Total Plan Assets: 401(k): $127 million; DC Pension: $76 million
Participants: 650
Participation Rate: 98.9%
Average Deferral Rate: 7%
Default Deferral Rate: 6%
Default Investment: InvestMap model portfolios
Automatic Enrollment: Yes
Automatic Escalation: Yes
Employer Contribution: 50% up to 6% + a DC pension plan

OOCL (USA) Inc., a provider of logistics and transportation services in the U.S., has acted on several plan investment, design and governance decisions that it envisions as being a “new era” of world-class corporate governance for Employee Retirement Income Security Act (ERISA) defined contribution (DC) plans.

Besides its “401(k) Savings Plan,” with its employer match of 50% up to the first 6% of employee salary deferrals, it has a “Defined Contribution (DC) Pension Plan,” with eligibility on day one of employment. The plan is fully funded by the company, with contributions made twice a year using a formula of base pay received times years of service contribution rate.

In 1999, OOCL terminated its pension plan, replacing it with its DC Pension Plan. Veronica Thompson, the company’s vice president, human resources and administration, says, “We wanted to maintain a second plan for our employees, a plan that was portable, with a formula that was easier to understand, and by calling it a DC Plan, we were giving a label to it that people could understand. But it is a pension plan because, even with your benefit payment options, you do have a choice of an annuity.”

According to its 3(38) advisor, Patrick J. Smith, managing director and chief investment officer at Cook Street Consulting in Greenwood Village, Colorado, “The backstory behind the pension name was that OOCL surveyed participants and the outcomes demonstrated how important the pension component was to their employees. It’s an interesting nuance and was a completely conscious decision.”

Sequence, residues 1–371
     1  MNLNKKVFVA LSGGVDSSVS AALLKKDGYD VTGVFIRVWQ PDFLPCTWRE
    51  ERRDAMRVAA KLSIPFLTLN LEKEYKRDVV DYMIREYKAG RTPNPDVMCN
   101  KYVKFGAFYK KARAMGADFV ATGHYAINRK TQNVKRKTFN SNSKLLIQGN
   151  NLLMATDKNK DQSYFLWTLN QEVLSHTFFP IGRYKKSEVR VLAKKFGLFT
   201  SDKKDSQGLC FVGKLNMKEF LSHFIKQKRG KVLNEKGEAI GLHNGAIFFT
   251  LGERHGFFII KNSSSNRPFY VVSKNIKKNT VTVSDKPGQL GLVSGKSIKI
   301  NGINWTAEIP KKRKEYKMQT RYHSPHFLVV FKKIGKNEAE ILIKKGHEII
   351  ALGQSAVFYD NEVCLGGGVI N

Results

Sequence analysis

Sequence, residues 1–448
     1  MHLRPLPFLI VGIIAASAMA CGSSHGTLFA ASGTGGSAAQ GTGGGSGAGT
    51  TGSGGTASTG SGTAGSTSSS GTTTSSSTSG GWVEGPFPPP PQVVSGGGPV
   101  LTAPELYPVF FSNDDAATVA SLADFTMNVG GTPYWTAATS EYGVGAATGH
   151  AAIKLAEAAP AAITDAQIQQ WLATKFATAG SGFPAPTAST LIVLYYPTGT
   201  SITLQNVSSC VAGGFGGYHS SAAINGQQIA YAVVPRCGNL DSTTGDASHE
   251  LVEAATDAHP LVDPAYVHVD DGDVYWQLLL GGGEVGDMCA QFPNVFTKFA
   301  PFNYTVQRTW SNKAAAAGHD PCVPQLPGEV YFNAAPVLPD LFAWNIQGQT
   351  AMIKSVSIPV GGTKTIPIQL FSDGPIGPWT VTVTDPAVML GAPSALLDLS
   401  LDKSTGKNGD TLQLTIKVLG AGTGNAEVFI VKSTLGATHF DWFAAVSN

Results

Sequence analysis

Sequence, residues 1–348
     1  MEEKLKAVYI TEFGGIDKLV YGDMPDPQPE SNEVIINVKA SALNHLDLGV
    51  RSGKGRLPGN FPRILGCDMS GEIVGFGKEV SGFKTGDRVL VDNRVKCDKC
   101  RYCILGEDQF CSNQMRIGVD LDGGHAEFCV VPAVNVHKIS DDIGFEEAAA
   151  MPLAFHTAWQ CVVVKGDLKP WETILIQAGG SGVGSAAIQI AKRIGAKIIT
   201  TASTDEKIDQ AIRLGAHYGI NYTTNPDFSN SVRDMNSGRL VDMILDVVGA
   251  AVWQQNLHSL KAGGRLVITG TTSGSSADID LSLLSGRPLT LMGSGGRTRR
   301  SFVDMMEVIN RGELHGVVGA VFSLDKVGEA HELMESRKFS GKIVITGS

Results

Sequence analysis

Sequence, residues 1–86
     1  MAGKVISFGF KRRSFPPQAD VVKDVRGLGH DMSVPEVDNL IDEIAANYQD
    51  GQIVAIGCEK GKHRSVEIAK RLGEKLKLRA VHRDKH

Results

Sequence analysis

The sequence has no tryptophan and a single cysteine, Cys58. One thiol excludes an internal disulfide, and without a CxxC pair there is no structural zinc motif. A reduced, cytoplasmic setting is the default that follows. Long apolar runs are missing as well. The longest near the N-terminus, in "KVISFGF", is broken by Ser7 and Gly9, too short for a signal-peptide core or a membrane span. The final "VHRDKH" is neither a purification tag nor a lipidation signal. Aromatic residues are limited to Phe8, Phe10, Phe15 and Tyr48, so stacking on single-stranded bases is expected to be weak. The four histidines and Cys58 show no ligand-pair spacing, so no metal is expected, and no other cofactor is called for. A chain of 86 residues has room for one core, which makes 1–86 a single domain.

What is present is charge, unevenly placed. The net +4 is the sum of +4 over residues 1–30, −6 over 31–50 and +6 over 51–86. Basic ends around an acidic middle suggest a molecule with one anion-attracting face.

The company reorganized towards the end of 2013 through the first quarter of 2015, when its California headquarters and many service-level positions from other North America locations moved to South Jordan, Utah, to establish a new North America headquarters and major service center. In doing so, Thompson says several employees were unable to relocate. The turnover rate before this time was approximately 3%, and longevity like Thompson’s, which is 30 years, was common. To infuse nearly 75 new employees or 55% of the office population, many of whom are millennials, in one swoop was not business as usual for the company.

With the OOCL workforce changing, more so than ever, individuals were looking for plans that were more portable. The DC Pension Plan has a different flavor from the 401(k) plan and its contributions are only on behalf of the company, so individuals are in awe of their retirement plan offering, says Thompson. In addition, Thompson says, “People have a sense of ownership from the day they come through the door.”

In its 401(k) plan and DC Plan, OOCL has re-enrolled participants to a new qualified default investment alternative (QDIA) solution, called InvestMap. InvestMap is a sophisticated tool that offers an easy, professionally managed option to the investment decision. It is a customized age-based, asset-allocation strategy built from the 18 individual core fund options held within the plan. By creating a custom, risk-based target date allocation strategy, participants are able to further personalize their investment approach through the election of a conservative or slightly aggressive adjustment versus traditional target date funds (TDFs).

“It’s essentially a custom risk-based target date fund that has similarities to a TDF as well as a risk-based model or managed account which can be customized for participants. One huge compelling aspect to it is that there is no additional charge at the participant level—participants don’t pay the 45 or 50 basis points that a lot of managed account providers can see. They are getting a more optimized versus a traditional proprietary target date fund.”

OOCL engages in a unique oversight process that goes beyond traditional best-practice protocols for corporate DC plan sponsors: It engages a 3(21) investment consultant to provide oversight of its 3(38) adviser.

Thompson says, “One thing we’ve always done is looked to be totally transparent and ensure there are checks and balances for what we do and to be sure we do these things at the highest level. But as a committee, we don’t have the same depth and breadth of knowledge in the investment world, so we lend some of those responsibilities to our investment manager. But at times we have to say, OK, how do we make sure that our investment manager is doing the right thing? The investment of having this added service puts another layer of comfort and checks and balances onto our platform.”

Smith says this is uncommon in today’s DC landscape, but “in regard to due diligence and documentation, having a 3(21) adviser audit the work of a 3(38) adviser is a best practice—and is another element of OOCL’s structure that goes above and beyond those that we consider to be today’s commonplace best practices for corporate ERISA DC plans.” —Judy Faust Hartnett

 

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